What is Peat?
Most of you who read this will live in a comparatively modern house, heated and fuelled by gas and electricity - coal is nothing like as common as it used to be.
But go back a hundred years or so in this area, and the average croft house would have peat as it's heating, not only for actual heat itself, but also for water / kettles and so on. Sometimes, you might hear a reference to the "peat reek" - that is, the smell of a peat fire blazing in a croft house, the family gathered around its edge listening to stories of old!
It's a romantic picture, isn't it? It doesn't tell you of the smoke and dust that settled everywhere, or that peat itself may burn for a long time but doesn't put out much heat at all!
Peat is the partially decomposed and compressed remains of vegetable matter. In the wettest places the soils become waterlogged and the bacteria and fungi which would normally break down dead plant parts cannot survive, creating a build up. These peat bogs have a unique flora of plants which are specialised to cope with the damp conditions.
Sphagnum mosses often carpet the ground, creating beautiful splashes of emerald green and russet red. The leaves of these mosses are like little sponges – in the past they were used as wound dressings because of their absorptive properties. All the nutrients which plants need are locked up in the preserved peat so plants have other ways of getting their food. Sundews use a pad of sticky hairs to trap insects which they slowly digest. Butterworts do the same on their sticky rosette of leaves. Peat was the only fuel used by the crofters and was cut with a peat knife, "torasgian", from the peat moss in the spring. The turf was removed from the surface of the ground with a turf parer, "cabar lar", and the peats were then cut and built into small stacks to dry. They were carried home in the autumn (usually by the women, the world’s workers!) in a "peat creel" - a basket made of willow, hazel or birch.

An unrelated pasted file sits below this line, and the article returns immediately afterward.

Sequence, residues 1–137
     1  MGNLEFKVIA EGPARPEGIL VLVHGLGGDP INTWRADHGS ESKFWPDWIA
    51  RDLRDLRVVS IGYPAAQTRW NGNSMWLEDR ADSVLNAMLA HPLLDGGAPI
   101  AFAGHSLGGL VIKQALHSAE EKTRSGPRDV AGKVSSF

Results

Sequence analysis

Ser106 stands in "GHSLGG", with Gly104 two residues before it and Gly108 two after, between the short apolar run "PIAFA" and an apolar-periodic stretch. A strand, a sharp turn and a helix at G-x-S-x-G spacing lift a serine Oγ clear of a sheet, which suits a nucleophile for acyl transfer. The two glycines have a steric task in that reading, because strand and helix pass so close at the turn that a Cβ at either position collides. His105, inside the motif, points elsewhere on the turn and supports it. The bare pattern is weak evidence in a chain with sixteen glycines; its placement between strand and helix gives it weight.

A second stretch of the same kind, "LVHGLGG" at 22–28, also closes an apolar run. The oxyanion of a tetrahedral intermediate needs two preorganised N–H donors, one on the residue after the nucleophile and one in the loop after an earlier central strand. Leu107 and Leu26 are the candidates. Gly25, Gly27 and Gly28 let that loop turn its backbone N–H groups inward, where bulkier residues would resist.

A Peat Hag......
While there are still a number of houses in the area that burn peat, they are in the minority nowadays. Each of the householders will have a particular area close by that they cut the peat from - this is called the "peat hag" But the typical croft house was a pretty cold and damp place, particularly during the winter. The house this piece is being written in just now dates back to the early 1800's, was thatched until the 1930's, and had an earth floor until about 1954. The total heating system in 1989 consisted of two coal / peat fires, several rooms having nothing at all. Insulation? You jest! It was not a warm house.......but it had character!
Coal is still used as a principal heating source in many houses here. Although you do not find this in many large towns nowadays, the weekly visits from the coalman are still a feature of most communities, and it is not many years ago that this was the accepted way in which a house would obtain most of its energy - electricity was not necessarily a standard feature of the small communities in this area until comparatively recently with the coming of the "Hydro.". The Scottish Highlands were one of the pioneering areas of the UK in the setting up of several huge schemes to produce electricity from water - Hydro Electric power. The "Hydro" became incorporated into the language of the country, and it was a common turn of phrase to tell somebody that you "were getting the Hydro in"